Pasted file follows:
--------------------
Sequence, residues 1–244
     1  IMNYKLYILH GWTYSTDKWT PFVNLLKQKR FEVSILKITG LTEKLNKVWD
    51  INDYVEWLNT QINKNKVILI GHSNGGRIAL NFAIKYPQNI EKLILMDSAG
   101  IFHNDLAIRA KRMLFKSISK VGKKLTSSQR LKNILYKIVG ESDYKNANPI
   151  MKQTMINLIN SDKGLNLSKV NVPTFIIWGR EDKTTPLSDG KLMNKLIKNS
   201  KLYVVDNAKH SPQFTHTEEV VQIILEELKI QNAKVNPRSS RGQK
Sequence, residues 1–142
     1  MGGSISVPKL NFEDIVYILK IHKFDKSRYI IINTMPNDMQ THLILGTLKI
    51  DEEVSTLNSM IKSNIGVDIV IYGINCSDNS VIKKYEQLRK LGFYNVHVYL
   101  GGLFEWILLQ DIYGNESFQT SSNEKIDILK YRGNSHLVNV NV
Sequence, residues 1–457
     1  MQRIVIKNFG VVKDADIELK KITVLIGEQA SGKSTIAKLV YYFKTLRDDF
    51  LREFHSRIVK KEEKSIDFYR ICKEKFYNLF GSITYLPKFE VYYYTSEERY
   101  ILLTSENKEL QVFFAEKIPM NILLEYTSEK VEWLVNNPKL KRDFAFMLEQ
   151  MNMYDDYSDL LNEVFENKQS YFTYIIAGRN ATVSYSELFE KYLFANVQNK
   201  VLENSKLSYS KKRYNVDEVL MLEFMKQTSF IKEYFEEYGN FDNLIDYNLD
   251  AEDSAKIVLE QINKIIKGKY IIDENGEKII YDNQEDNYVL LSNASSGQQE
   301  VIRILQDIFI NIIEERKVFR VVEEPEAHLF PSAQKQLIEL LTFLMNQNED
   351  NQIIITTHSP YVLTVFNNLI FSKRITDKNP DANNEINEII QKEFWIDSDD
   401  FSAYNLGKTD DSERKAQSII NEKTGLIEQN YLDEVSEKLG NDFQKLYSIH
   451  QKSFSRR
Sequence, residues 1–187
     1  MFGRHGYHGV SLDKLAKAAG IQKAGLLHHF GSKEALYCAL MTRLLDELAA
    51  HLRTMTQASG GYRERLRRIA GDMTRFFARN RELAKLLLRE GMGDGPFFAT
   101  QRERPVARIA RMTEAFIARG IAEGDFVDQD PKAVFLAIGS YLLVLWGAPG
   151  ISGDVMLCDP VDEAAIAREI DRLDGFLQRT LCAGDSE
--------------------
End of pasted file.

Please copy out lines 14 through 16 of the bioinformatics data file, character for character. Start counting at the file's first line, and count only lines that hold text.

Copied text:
   101  ILLTSENKEL QVFFAEKIPM NILLEYTSEK VEWLVNNPKL KRDFAFMLEQ
   151  MNMYDDYSDL LNEVFENKQS YFTYIIAGRN ATVSYSELFE KYLFANVQNK
   201  VLENSKLSYS KKRYNVDEVL MLEFMKQTSF IKEYFEEYGN FDNLIDYNLD